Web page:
As much as I am a fan of fresh paint splattered (neatly) within Vogue’s coveted pages, I’m also a fan of the artist who smashes a window. Or, in Ara Jo’s case, adamantly gets her shit on Lady Gaga.

Ms. Jo, a 24-year-old Londoner and Central Saint Martins alumna, has a way with forging her own opportunities. Like I said, Gaga — for one. Then there’s the audacity of turning the surrealist, un-wearable side of fashion into an enticing ensemble of glam-rock pieces. Ms. Jo has evolved since her graduate collection which showcased an infectious cobweb of nude hues and sequenced sculptures. Though it’s clear that a woman’s anatomy is still Ms. Jo’s thing, the concept has taken on a more tangible form: a Gothic collection of body-con attire.

Ms. Jo works abundantly. In conjunction with new releases each season, she’s joining forces with some other new talent by way of music, and the cerebral. And no, not more mind-bending clothes, but she’s “collaborating with a Jewellery Designer – publishing a fashion book.” When asked if she has her sights on other big name prospects – obviously, she’s on it. “Roses Gabor (Gorillaz vocalist). [Hopefully] a customised outfit for the Red Bull Festival,” she explains. And so the hustle continues…

Safraonfashion: What was it that inspired you to become a Fashion Designer?

Ara Jo: When I was thirteen [I would read a lot of] fashion magazines, [and I noticed] when most people see the nice clothes in them, they’d want to buy them – or try them on. But I wanted to make them! That’s how I started to create clothes. Yep. I wasn’t good at it – considering I was only thirteen – and [I had] never made clothes before. But I was really into creating something that I could wear!

SOF: What do you want people to think of when they see your designs?

AJ: I want to be told that my work is crazy and different. That’s what I always seek, and I express that through my work. And actually, that has always been my biggest goal as a fashion designer: to be noticed as a different.

SOF: What have you learned about the fashion world that you were not taught in school?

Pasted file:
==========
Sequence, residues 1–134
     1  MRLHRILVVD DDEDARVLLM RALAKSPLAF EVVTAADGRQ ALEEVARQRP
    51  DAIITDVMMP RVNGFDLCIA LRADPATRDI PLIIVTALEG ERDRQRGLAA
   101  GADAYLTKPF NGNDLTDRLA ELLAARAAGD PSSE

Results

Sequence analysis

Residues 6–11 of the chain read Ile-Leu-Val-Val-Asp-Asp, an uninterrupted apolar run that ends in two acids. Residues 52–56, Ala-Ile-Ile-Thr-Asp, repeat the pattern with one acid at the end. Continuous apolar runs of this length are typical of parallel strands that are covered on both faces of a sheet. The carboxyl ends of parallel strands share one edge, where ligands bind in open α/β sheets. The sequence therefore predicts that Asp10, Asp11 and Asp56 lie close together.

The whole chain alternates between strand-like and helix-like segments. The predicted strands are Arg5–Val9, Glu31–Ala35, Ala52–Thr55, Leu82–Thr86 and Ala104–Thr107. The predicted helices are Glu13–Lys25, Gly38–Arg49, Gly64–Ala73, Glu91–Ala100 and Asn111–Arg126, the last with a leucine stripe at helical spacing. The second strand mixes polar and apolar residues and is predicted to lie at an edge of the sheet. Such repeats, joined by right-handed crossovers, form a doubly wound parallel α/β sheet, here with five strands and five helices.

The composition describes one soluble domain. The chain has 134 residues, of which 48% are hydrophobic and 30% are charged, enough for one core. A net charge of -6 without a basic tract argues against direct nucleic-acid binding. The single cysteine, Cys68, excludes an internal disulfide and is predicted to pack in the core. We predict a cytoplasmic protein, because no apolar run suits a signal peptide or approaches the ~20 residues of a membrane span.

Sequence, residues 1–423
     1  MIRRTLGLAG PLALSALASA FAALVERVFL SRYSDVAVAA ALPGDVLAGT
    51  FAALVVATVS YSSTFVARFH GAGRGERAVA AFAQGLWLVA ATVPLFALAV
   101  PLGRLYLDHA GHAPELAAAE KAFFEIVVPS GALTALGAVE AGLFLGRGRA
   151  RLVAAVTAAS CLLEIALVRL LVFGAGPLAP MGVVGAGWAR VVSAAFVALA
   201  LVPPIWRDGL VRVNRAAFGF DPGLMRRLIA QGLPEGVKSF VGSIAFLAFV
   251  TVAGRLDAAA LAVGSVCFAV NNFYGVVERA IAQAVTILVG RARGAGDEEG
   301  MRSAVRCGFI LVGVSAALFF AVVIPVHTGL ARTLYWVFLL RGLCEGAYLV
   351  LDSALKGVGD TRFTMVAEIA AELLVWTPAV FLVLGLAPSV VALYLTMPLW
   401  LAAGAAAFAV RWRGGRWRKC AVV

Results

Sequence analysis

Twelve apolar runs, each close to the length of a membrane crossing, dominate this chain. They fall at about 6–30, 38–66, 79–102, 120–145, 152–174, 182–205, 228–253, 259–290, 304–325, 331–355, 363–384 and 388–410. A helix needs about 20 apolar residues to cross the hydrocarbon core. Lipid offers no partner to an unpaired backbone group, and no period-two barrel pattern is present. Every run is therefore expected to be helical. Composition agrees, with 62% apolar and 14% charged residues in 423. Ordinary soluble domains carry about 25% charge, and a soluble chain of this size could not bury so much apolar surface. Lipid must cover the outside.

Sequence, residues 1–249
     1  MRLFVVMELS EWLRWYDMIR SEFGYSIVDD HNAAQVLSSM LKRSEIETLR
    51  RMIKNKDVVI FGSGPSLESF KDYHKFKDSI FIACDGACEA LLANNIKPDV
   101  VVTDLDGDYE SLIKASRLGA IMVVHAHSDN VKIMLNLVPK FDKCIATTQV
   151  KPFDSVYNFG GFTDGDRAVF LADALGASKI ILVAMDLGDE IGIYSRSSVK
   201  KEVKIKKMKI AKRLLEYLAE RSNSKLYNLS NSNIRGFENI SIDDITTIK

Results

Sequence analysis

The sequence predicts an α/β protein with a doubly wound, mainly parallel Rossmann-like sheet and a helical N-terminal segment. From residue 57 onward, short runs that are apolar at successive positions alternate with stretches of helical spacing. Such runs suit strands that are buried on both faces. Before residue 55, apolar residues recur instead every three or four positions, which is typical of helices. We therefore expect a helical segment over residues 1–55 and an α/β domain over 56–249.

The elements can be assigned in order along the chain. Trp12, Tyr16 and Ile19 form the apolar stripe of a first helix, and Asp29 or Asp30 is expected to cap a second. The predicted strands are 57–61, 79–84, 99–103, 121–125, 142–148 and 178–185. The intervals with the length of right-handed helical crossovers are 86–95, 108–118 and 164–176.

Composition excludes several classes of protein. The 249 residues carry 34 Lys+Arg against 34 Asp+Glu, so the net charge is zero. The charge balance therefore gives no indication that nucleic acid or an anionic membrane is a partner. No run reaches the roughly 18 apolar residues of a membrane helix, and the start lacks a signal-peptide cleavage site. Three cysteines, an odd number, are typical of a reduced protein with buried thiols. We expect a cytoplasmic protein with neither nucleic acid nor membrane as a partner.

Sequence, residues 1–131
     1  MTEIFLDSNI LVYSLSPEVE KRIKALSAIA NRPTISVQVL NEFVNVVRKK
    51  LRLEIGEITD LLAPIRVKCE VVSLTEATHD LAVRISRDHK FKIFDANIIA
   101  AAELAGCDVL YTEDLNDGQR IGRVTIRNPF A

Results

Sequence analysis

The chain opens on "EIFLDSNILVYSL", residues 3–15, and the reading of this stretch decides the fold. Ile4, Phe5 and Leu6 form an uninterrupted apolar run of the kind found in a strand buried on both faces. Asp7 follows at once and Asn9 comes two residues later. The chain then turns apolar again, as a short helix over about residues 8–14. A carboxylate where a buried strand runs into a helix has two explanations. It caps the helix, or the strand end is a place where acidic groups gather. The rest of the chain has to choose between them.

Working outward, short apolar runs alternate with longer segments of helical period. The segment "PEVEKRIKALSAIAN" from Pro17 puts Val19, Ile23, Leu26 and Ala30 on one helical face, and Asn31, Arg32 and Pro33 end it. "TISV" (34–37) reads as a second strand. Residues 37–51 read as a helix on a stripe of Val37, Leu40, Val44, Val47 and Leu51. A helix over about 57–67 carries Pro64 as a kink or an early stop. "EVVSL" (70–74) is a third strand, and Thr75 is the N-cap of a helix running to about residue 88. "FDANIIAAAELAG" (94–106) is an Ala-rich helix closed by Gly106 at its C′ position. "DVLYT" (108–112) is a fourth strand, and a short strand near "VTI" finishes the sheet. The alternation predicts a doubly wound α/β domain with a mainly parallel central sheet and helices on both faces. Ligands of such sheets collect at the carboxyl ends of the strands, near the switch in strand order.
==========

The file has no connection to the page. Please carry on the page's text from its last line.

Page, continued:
AJ: That communication with people [is imperative]. And building contacts with [like-minded] people. But it can’t be taught, so I have learned this all by myself through this tough field. It was tough to study in Central Saint Martins with such competitive creators when I was a student. But I have been through so many things since I’ve graduated (Dealing with people, working with people, collaborating with people). I just have to experience everything that happens in fashion world. The real fashion world.

SOF: In an interview with Dazed Digital, you said you wanted to work with Lady Gaga. How did you go about bringing that idea to life?

AJ: Since my garments were worn by Lady Gaga, a lot of things have changed in my life as a fashion designer – of course. More people have curious about me, my work. So I am still keeping trying to create something cool, by designing for celebrities not just Lady Gaga. I don’t want to limit myself, now. There are so many creative people whom I want to collaborate with, and who want to collaborate with me. There are a lot of upcoming projects happening: collaborating with Buttafly – a new British singer – Junior Brat and more!

SOF: Based on a theme, which four songs would be at the top of your runway show playlist?

AJ: Oops, I always listen to hip hop and R&B, but I don’t have particular favourites in mind – it always changes. So I would say it all depends on what kind of theme I have. I will [either] select or literally make some unique tunes for the show.

Ara Jo’s Price tag: High End (from £100.00 as a little piece ~).
Where to by : Not Just a Label.